FILE - Arizona School Vouchers school choice

Outside the Keystone Montessori charter school in Phoenix. 

Arizona’s education savings account program has been successful in funding education for students who come from low-income families, a report by two groups that advocate for school choice says. 

The report, by the Phoenix-based Goldwater Institute and the Washington, D.C.-based American Federation for Children, says that average awards from Arizona’s Empowerment Scholarship Account (ESA) program have been fully covered for non-special education students attending private elementary schools with median tuition and fees.

The ESA program allocates partial funding from a student’s public school education and puts it in an education savings account that families can use for public school alternatives like private school tuition or home schooling. Students with special needs, students from low-performing public schools, students on Native American reservations, children in foster care, and students in military families are eligible for the program.

The median private elementary school and middle school tuitions in Arizona are $6,139 and $6,599, respectively, while the median ESA reward is $6,166, according to the report.  

The report also says that “the proportion of ESA students from comparatively poorer or wealthier areas closely mirrors that of traditional public school students.” 

The 10 Arizona school districts with the most ESA enrollees have child poverty rates ranging from 13.5 percent in Fort Huachuca Accommodation to 46.4 percent in San Carlos Unified, which includes students from Native American reservations. 

Matt Beienburg, the report's author and Goldwater Institute's education policy director, said the report’s findings discredit claims from school choice opponents who say the ESA program benefits students from wealthier communities.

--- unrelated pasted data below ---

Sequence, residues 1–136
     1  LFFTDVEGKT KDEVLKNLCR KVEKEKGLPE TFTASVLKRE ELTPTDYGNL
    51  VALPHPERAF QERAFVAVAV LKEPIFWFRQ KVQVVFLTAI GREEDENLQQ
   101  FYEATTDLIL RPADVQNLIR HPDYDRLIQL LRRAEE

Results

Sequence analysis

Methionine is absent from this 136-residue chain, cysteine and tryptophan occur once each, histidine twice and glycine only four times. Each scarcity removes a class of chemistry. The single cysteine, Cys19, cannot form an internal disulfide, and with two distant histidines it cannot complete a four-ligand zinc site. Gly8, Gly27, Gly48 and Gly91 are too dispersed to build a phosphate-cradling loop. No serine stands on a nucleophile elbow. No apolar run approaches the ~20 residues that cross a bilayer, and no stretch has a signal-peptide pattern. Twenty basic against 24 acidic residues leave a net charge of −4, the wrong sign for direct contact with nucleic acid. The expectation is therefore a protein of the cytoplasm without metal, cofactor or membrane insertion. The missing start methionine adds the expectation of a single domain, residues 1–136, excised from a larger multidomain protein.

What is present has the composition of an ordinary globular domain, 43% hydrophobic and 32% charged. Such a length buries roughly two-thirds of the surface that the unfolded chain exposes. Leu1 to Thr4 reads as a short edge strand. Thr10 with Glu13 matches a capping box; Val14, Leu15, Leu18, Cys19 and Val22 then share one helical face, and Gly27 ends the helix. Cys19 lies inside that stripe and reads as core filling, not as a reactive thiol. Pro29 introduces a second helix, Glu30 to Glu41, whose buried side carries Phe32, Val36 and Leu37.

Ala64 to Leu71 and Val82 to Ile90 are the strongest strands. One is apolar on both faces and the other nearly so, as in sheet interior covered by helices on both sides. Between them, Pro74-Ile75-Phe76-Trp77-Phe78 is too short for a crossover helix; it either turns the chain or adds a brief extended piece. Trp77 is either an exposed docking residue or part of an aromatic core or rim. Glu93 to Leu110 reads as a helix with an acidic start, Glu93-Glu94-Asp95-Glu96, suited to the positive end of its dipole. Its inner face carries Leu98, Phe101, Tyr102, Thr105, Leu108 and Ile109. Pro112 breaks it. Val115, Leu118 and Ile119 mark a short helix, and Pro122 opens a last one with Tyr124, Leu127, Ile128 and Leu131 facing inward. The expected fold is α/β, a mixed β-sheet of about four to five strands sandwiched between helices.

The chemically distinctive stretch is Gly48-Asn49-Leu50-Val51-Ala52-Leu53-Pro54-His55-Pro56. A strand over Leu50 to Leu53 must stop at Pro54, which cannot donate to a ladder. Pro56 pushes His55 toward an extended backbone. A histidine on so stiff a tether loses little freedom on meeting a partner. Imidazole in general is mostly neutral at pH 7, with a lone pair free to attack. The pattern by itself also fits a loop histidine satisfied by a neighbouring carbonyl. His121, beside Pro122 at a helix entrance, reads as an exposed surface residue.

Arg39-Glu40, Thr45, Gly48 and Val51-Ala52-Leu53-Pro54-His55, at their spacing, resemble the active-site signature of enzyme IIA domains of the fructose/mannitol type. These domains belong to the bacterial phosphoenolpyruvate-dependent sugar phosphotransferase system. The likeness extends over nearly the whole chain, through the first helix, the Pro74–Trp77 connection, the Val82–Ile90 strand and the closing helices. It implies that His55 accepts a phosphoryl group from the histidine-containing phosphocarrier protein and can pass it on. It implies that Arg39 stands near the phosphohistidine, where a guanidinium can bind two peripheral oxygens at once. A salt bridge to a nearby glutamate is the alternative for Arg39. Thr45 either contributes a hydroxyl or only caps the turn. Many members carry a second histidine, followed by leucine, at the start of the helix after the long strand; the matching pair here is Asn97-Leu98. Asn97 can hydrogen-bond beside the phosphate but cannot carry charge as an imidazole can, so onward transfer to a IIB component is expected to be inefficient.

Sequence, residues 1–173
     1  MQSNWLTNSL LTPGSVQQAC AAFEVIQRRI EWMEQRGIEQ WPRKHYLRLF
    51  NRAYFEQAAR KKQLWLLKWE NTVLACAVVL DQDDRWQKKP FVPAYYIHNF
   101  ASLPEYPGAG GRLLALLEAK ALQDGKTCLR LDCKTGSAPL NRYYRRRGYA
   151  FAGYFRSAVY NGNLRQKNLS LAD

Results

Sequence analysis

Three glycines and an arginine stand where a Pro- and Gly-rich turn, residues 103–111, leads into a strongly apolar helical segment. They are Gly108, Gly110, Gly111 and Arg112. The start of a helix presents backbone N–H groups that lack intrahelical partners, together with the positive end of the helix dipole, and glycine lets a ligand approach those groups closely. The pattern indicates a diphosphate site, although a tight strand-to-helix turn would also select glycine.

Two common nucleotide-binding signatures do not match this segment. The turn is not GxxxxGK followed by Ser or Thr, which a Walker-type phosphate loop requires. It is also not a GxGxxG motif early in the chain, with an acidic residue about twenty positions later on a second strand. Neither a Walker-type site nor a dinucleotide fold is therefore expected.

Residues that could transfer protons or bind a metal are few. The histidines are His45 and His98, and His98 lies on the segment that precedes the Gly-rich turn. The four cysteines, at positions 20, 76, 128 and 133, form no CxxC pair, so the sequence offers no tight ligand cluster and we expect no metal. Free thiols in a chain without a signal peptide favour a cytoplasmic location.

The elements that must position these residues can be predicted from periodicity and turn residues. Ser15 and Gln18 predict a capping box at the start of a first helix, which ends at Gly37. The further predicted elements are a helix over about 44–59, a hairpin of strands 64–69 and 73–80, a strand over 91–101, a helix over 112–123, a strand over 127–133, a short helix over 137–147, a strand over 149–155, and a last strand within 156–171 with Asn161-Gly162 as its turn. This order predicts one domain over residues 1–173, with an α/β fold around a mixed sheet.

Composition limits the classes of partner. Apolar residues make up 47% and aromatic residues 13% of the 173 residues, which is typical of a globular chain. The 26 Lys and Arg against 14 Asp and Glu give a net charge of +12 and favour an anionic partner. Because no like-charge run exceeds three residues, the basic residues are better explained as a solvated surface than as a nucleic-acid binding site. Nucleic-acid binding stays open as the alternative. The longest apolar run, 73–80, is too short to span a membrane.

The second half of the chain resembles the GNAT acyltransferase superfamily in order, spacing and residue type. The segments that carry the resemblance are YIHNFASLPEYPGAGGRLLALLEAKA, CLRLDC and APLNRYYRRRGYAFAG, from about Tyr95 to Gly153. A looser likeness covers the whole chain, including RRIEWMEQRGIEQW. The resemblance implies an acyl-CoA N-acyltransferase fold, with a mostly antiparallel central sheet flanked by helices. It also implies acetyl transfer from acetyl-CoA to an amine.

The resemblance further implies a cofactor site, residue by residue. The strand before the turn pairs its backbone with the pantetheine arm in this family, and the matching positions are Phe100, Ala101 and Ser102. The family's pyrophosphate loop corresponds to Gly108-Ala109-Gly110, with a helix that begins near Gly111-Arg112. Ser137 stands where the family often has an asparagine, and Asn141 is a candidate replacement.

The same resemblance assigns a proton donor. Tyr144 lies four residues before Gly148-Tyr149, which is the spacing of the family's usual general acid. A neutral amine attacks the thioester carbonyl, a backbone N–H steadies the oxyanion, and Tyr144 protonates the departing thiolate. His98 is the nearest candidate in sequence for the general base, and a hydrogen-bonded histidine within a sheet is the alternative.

“The report likewise turns upside down prior claims that ESAs disproportionately benefit wealthy communities,” Beienburg said. “As the data make clear, ESA participation among higher- and lower-income communities and higher- and lower-performing school districts mirrors that of the public school student population at large.” 

A related report the Goldwater Institute released in August said that the ESA program served more than 6,400 students in 2019, and saved taxpayer dollars, “redirecting over $4.2 million per year in education dollars back to other public school pupils.” 

Arizona voters rejected a ballot measure last year that would have allowed for the expansion of the ESA program to all public school students. 

Regional Editor

Derek Draplin is a regional editor at The Center Square. He previously worked as an opinion producer at Forbes, and as a reporter at Michigan Capitol Confidential and The Detroit News. He’s also an editor at The Daily Caller.